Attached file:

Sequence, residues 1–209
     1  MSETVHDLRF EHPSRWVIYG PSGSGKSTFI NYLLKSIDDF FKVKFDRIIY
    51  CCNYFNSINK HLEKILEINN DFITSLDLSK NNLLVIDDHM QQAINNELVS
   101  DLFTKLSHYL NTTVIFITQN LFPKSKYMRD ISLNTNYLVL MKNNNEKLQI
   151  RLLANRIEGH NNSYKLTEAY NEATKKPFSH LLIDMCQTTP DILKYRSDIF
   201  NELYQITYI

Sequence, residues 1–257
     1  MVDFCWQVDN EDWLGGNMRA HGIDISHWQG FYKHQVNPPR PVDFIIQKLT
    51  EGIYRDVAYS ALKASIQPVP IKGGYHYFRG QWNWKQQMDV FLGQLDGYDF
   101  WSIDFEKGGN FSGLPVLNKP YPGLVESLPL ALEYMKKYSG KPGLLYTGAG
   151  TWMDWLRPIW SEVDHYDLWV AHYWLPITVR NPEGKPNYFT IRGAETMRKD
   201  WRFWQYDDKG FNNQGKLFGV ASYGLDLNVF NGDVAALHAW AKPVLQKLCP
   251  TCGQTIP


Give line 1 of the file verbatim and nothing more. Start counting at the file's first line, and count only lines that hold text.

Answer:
Sequence, residues 1–209